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Sam McBride

Don’t expect the DUP to suddenly compromise on NI Protocol; its position is vulnerable as unionism hardens

Sam McBride


Polling on unionist attitudes to the Irish Sea border has often been misinterpreted — the election shows deeper opposition than some observers want to admit

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DUP leader Sir Jeffrey Donaldson speaking during an anti-protocol rally in Castlederg, Co Tyrone, alongside Jamie Bryson and Jim Allister (Photo: Liam McBurney/PA)

DUP leader Sir Jeffrey Donaldson speaking during an anti-protocol rally in Castlederg, Co Tyrone, alongside Jamie Bryson and Jim Allister (Photo: Liam McBurney/PA)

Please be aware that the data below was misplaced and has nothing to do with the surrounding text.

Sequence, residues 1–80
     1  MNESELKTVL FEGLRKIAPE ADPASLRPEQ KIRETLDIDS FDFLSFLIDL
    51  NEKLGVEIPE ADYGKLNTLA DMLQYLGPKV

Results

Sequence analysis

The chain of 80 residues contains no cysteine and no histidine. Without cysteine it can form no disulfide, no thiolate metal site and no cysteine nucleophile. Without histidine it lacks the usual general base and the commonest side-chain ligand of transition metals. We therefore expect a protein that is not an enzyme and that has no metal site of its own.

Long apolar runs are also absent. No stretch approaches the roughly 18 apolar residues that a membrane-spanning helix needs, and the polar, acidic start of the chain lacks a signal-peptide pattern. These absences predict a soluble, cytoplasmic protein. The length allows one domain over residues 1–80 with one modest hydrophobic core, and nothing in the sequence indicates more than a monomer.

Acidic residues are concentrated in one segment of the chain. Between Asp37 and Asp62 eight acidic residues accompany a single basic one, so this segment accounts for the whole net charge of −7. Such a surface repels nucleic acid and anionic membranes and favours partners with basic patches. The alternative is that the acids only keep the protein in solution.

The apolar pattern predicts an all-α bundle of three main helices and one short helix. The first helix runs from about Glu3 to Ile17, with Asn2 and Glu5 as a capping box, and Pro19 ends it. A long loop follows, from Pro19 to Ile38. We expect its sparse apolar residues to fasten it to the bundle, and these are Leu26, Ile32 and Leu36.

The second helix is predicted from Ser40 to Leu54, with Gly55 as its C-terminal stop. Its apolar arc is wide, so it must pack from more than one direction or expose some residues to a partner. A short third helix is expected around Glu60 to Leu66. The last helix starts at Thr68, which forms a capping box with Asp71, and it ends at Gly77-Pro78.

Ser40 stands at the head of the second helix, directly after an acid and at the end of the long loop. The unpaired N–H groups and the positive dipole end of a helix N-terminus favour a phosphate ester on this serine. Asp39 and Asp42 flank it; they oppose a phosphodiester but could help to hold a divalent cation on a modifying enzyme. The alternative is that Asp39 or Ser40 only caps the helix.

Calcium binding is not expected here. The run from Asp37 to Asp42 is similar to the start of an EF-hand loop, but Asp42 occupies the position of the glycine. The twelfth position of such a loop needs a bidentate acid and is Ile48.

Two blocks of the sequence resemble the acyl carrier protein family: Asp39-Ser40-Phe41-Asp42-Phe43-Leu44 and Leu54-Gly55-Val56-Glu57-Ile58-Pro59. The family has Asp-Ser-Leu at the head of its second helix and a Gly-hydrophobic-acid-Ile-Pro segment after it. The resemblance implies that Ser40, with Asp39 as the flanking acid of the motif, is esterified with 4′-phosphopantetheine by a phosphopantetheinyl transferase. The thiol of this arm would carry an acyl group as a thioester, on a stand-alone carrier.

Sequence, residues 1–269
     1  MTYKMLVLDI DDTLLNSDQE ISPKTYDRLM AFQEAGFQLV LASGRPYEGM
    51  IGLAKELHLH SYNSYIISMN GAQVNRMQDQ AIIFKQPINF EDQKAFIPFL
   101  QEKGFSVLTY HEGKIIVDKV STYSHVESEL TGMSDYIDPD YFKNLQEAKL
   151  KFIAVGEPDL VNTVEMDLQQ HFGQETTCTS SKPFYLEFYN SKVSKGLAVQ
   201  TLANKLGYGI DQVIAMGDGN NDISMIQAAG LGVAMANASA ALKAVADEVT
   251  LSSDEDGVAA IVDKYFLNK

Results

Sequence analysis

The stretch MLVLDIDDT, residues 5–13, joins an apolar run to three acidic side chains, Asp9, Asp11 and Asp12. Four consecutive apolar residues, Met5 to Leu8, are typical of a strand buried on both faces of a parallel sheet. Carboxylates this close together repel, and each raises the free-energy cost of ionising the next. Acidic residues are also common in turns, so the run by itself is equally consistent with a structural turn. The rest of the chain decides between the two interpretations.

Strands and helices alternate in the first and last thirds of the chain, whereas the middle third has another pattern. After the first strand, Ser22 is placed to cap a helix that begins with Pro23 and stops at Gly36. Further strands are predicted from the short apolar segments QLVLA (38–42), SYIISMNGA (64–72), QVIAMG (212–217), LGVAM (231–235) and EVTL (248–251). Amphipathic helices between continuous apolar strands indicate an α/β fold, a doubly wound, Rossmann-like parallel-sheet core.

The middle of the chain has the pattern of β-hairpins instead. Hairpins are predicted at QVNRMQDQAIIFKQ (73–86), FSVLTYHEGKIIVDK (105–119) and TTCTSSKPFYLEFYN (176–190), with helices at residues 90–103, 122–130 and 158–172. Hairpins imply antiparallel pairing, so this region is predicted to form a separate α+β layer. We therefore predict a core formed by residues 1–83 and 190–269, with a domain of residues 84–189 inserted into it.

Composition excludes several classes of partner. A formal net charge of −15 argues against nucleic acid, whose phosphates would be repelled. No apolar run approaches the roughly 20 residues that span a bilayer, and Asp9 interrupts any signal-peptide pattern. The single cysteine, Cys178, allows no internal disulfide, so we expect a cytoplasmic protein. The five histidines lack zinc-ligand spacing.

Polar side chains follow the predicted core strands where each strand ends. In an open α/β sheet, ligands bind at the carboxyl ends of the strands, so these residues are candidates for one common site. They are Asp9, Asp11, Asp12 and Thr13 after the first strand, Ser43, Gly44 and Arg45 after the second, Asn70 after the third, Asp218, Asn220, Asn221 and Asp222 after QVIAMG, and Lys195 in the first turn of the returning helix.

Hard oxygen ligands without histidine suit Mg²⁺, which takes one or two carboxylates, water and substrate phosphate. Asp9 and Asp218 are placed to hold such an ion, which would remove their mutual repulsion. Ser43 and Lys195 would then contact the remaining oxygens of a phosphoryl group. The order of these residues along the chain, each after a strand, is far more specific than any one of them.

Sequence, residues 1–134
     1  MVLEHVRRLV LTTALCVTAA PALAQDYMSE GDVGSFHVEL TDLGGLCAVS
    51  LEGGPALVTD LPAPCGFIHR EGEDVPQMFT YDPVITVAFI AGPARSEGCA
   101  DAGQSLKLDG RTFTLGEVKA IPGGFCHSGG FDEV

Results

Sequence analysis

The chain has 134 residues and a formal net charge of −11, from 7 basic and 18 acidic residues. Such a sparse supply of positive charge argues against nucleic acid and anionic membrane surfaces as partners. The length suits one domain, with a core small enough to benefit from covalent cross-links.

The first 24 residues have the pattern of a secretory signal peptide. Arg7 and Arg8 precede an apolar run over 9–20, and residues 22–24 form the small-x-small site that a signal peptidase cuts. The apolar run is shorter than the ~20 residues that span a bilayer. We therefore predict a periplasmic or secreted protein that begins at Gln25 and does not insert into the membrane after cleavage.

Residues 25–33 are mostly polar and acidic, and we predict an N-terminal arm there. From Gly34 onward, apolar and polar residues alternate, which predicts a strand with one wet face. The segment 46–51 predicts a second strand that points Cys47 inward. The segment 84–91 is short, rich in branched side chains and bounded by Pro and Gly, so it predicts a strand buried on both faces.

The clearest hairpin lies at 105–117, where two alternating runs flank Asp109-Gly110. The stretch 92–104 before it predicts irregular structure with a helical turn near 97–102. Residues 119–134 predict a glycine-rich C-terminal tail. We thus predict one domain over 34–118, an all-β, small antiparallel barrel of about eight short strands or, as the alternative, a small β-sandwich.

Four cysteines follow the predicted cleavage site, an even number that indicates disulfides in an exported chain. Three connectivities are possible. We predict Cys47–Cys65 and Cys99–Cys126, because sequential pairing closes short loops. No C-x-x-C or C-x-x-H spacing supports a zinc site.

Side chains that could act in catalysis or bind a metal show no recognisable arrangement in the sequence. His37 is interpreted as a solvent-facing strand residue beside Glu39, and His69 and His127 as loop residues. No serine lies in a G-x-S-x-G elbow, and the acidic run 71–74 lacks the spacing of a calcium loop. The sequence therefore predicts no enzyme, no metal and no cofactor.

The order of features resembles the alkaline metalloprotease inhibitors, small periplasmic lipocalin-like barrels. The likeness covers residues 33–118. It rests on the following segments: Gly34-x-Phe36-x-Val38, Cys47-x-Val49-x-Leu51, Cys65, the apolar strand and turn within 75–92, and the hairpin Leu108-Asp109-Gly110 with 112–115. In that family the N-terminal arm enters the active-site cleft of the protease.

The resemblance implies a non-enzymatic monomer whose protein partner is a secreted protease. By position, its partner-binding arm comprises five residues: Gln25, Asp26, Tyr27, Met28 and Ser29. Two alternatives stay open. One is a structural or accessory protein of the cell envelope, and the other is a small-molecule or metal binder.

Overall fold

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Sam McBride

Sam McBride

Jeffrey

Jeffrey

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DUP leader Sir Jeffrey Donaldson speaking during an anti-protocol rally in Castlederg, Co Tyrone, alongside Jamie Bryson and Jim Allister (Photo: Liam McBurney/PA)

How much do unionists really care about the Northern Ireland Protocol? The answer to that question will hinge on whether devolved government returns at Stormont for months, as well as something of greater geopolitical significance — the UK’s relationship with the EU.

Many people who are not unionists — who themselves tend to support the protocol — have for months said that unionist parties are out of touch with their voters on the protocol. The election outcome suggests that analysis reflects confirmation bias and the reality is that Northern Ireland is far more divided on this issue than some people realise.


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